With each passing year, the City watchdog’s report on the collapse of Royal Bank of Scotland (RBS) reads less like an incisive history of Britain’s banking crash and more like a misguided exercise in self-exculpation.
One fact, above all, haunts the document: its failure to include the words ‘Goodwin’ and ‘Fred’. That has always felt like a laughable omission, but former shareholders were always able to console themselves with the knowledge that the former RBS chief would one day have to account for his actions in court.
That prospect hangs in the balance as RBS and the remaining 9,000 members of the investor action group negotiate a settlement of their battle over the bank’s ill-fated 2008 rights issue.
The terms of the deal – 82p-a-share plus interest – are generous when compared to RBS’s payments to other claimants, but stingy in the context of the 200p rights issue price.
Some want to hold out for a trial, less concerned about the money than about seeing Goodwin in the witness box.
Nevertheless, the inclination of institutions and some individuals to call it a day is understandable; and those who wish to fight on will need to prove that they can fund their claim.
The verdict on whether the trial proceeds will come next week. The wait for it throws into sharp focus thecontinuing absence of accountability emerging from the single largest taxpayer bailout of the banking crisis.
Other than a show-trial conducted by MPs lasting a few hours, neither Goodwin nor his chairman, Sir Tom McKillop, have given their account of what went wrong in the RBS boardroom.
The scale, and duration, of support required by RBS have long made this unacceptable.
It also sits uneasily with Theresa May’s pledge to make business more answerable to stakeholders – whether over executive pay or the abandonment of pension obligations. By comparison, the rescue of a bank with £45bn of public money warranted a full public inquiry.
The dogged effort of some of RBS’s private shareholders to deliver something similar has been admirable, but it should not be left to them. If re-elected, Mrs May should commit to ensuring that one way or another, the bosses of failing banks account for themselves in the full glare of the public spotlight.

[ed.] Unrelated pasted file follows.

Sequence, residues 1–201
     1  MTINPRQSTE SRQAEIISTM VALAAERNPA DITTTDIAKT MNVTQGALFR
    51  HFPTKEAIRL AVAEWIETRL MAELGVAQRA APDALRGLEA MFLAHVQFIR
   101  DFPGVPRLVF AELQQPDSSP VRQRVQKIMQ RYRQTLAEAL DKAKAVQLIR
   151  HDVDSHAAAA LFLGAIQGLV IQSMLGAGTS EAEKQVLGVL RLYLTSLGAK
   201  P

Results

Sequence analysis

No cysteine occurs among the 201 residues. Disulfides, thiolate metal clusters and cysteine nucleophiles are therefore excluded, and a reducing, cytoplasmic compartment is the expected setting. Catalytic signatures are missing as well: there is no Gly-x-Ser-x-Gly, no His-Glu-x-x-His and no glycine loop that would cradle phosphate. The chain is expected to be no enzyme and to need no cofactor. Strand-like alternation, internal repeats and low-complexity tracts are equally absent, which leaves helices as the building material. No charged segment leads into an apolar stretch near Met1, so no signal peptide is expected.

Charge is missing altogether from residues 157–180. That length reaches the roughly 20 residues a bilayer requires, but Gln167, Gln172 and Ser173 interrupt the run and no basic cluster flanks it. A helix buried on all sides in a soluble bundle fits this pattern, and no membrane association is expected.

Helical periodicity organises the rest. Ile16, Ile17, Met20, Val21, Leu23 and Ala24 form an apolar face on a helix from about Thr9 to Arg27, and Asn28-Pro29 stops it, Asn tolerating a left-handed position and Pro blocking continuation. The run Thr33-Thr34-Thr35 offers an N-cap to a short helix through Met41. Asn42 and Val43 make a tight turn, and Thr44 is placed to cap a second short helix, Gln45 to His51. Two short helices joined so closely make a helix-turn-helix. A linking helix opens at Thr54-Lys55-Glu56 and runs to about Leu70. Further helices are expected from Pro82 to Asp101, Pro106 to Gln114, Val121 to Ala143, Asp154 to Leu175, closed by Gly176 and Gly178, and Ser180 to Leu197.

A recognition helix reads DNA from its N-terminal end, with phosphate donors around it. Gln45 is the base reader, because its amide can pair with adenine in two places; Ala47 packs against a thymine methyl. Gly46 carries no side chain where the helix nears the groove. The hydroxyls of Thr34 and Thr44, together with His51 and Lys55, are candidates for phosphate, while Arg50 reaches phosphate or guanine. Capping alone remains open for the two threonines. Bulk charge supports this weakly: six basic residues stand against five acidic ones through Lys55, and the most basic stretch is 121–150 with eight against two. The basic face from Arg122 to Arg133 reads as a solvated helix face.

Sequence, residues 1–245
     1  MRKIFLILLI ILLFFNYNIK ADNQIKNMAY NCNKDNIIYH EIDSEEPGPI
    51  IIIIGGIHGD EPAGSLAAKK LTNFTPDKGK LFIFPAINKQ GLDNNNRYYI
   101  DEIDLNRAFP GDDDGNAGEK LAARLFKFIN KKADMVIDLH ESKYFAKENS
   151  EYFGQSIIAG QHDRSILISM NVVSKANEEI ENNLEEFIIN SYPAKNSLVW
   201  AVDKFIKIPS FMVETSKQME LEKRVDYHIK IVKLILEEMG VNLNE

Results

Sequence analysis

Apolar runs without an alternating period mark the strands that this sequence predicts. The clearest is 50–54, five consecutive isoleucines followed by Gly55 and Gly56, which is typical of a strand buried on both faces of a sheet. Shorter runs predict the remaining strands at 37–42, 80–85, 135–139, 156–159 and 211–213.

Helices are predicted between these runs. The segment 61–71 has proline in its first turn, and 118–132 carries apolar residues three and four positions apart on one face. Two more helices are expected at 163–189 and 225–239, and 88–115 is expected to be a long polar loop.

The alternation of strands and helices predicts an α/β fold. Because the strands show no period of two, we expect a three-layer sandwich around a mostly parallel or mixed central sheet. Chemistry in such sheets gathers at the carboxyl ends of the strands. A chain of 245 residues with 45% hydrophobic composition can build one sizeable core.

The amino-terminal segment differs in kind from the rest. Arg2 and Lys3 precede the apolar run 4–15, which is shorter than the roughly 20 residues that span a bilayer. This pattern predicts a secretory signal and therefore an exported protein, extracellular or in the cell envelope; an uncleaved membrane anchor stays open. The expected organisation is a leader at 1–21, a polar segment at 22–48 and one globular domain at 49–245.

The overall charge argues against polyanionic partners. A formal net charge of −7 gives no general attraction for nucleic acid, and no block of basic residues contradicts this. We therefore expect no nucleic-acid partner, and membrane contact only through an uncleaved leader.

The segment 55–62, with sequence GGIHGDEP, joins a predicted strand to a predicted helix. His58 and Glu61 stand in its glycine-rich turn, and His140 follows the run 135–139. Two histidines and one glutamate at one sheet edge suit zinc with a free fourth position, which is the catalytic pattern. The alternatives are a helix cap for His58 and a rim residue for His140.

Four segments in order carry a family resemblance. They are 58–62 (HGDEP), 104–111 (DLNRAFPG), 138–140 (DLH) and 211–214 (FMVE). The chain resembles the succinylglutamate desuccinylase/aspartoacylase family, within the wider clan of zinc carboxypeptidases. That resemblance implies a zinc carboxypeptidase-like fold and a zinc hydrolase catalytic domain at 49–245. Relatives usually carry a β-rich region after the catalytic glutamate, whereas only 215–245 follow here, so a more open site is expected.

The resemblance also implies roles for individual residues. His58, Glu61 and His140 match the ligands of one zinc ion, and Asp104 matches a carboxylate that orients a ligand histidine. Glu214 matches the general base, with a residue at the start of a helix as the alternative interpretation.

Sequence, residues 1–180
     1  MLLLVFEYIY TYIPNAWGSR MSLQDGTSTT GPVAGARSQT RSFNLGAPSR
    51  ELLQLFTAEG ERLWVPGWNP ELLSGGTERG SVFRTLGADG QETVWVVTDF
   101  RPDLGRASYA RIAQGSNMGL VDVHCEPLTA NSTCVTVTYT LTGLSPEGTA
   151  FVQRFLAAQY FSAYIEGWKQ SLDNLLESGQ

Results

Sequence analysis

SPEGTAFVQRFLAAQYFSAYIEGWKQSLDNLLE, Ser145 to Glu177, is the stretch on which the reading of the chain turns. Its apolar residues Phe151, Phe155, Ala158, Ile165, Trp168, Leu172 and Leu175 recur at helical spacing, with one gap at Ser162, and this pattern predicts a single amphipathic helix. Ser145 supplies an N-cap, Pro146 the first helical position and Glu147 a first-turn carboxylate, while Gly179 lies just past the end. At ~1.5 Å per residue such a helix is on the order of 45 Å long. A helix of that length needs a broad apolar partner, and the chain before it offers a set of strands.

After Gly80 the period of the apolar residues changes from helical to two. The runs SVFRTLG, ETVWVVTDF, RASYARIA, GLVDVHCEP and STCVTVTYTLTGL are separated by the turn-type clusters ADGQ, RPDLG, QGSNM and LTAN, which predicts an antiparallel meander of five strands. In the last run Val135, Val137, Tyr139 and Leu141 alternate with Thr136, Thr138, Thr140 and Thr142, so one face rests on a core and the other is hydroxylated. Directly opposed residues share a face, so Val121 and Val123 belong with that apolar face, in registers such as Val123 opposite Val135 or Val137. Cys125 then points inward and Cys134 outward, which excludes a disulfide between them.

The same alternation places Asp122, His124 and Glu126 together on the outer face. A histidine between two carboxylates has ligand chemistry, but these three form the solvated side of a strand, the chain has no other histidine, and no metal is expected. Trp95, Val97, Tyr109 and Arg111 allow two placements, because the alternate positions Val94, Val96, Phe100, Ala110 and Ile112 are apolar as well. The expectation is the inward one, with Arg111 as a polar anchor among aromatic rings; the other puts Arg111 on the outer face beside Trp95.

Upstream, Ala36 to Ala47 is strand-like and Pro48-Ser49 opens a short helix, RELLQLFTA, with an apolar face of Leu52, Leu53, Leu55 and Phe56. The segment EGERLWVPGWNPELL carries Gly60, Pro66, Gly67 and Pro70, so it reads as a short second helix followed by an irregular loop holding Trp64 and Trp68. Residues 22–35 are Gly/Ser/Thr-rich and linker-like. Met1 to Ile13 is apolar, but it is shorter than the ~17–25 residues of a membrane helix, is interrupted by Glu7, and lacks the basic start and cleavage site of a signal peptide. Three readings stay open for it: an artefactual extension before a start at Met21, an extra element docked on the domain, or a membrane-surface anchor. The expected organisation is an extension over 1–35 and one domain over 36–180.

If the Choo doesn’t fit
Like an item of discount fashion adorning a supermodel, companies with majority shareholders and stock markets don’t always make a good fit.
So it seems to have proved with Jimmy Choo, which passed through several generations of private equity ownership and may now be heading for another.
True, the shares now trade at a big premium to the 140p they listed at in 2014, but compared to some international peers, they have underperformed.
And weeks after its controlling investor, JAB Holdings, put it up for sale (to get out of fashion in order to focus on coffee and food assets), another reminder comes striding along the catwalk of the lingering concerns of minority investors.
The Investment Association’s IVIS service has red-topped Jimmy Choo on account of its board composition (too few independent directors) ahead of next week’s annual meeting, according to a source who has seen the report.
ISS, another proxy voting adviser, is urging shareholders not to support the re-election of Peter Harf, Jimmy Choo’s chairman, on account of his role at the helm of its remuneration committee.
A stiletto showdown awaits.
Hedge funds’ Co-op move
Talks between the Co-op Bank, its bondholders and regulators may be at an early stage, but the denouement is already beginning to take shape.
Potential bidders for the company have dropped like flies, leaving the cards in the hands of the hedge funds which helped rescue it four years ago.
The bondholder committee has, I’m told, enlisted spinners from Portland, and in particular former Treasury press officer Matt Pollard, to argue its case.
Ultimately, it’s going to come down to the size of the cheque they need to write.